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Tuesday, 17 September 2013

Uniped Dance Studio opens in the Bulgarian Capital Sofia

By Patrick Brigham - an interview

Many people complain of their droll middle aged existence in Sofia. And, other than the copious consumption of alcohol in the privacy of their own home, or the occasional outward appearance at formal functions - where well known platitudes are traditionally exchanged - there seems very little to do. It is at these traditional formal ‘gurgitations’ of enormous mounds of free food, that one can see the great and good, performing their supercilious re-enactment of the ‘I am here to be seen’ social symbiosis. One often wonders if it has any real bearing on reality, although the thought that diplomatic peace and tranquility can be calculated in direct proportion to a set number of egg mayonnaise canape - with twiddly bits on top - sends the mind racing at times. 
          This is what has made Dinsdale Astaire such an immediate attraction in Sofia. After a long career as President of the World Organisation for Brothers Bereft of Legs, etc., - the well known acronym being WOBBLE - he has chosen to open a school of dancing for one legged people here in the capital. I asked him about his experience.

Why did you come to Sofia?
          I believe that everyone should have a chance to dance and to enjoy life. As the past President of WOBBLE, I have always believed in our world wide motto which is ‘Join WOBBLE, and learn to stand on your own two feet!’ It has stood me in good stead for many years, I can tell you.

Has being a uniped been a problem for you in the past?
          Not really. Although, when I was an actor in my youth, I was very disappointed not to get the lead part in the film Tarzan of the Apes. That upset me a bit.

Why didn't you get the part?
          Well the director Darrell Ivanosovitch was quite nice about it actually. He said that although I looked good on camera, he felt that I really needed two legs for the part. He said that he didn't have anything in particular against my right leg, but that, I didn't either.

You must have missed out allot on sport?
          No way. The members of WOBBLE even had a football team at one time. We actually played Manchester United in a friendly game a few years ago, it was quite an occasion.

What was the score?
          2,000:1 to Man United, but we didn't care. It’s nice to have a little hop around before you have a drink.

Who scored your goal?
          Well the ref did actually. He went flying down the pitch blowing his whistle, and booted it into the back of their net, shouting at them and calling them a bunch of bastards.

What sort of dancing do you teach at your Sofia Academy?
          In the beginning I used to teach the Viennese waltz, and the Pasodobles, but it didn't work. Everyone used to end up in a pile on the floor, laughing, and waving their leg around. It was hopeless. So we went on to Warehouse, and Techno. I expect you have seen some of our students dancing at Lipstick or Ivolo as its known here in Sofia; mind you most of the people who go there look as though they are dancing on one leg, don’t they? And, if you stay their late at night, everyone looks completely legless anyway.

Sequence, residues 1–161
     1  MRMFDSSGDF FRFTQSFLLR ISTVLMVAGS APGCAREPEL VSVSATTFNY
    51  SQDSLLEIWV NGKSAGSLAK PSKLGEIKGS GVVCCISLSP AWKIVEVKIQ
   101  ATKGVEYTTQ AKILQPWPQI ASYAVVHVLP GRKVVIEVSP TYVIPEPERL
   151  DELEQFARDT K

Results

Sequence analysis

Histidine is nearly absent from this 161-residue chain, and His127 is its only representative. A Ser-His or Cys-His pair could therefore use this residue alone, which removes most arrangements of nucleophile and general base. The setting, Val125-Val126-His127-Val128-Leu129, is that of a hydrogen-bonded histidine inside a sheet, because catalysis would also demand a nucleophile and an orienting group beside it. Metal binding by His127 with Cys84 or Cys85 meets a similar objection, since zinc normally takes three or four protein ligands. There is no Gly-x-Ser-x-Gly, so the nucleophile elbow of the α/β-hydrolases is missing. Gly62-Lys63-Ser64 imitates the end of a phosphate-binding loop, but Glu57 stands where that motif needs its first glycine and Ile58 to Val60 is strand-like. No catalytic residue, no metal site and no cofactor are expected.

Can only unipeds join your club, or are duopeds or multipeds - as it is more politically correct to say - welcome as well?
          Only the women! But, two weeks ago I noticed an older man dancing - I think he was a British diplomat - who had two legs. I told him, I would give him seven days to have one of his legs cut off, or I would revoke his membership. Well you have to put your foot down sometimes, haven’t you?
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THIS IS NOT A JOKE.

Thousands of very often young innocent people loose limbs to Land Mines, all over the world. Not just in Africa, the Middle and Far East, South America, or Asia, but also here in the Balkans. They are the scourge of normal societies, and there are no innocent Governments either.
There are thousands of hectares of mined land between old enemy’s, and new enemies as well. In Kosovo and on both the Serbian and Albanian borders, there are thousands of land mines, and anti personnel mines planted in the ground, capable of disabling farm workers, or innocent country dwellers.
Please spare a thought for these tragic victims, and try to understand their hopeless plight. It is not just a matter of removing old and occasionally unstable mines, but often giving a new limb to a family provider. If you care about this problem, please contact the SWN, and we will put you in touch with specialist organisations that are presently helping those afflicted. Remember Diana, many do not!

This was written by me in 1997/8 for the Sofia Western News magazine. What has changed?
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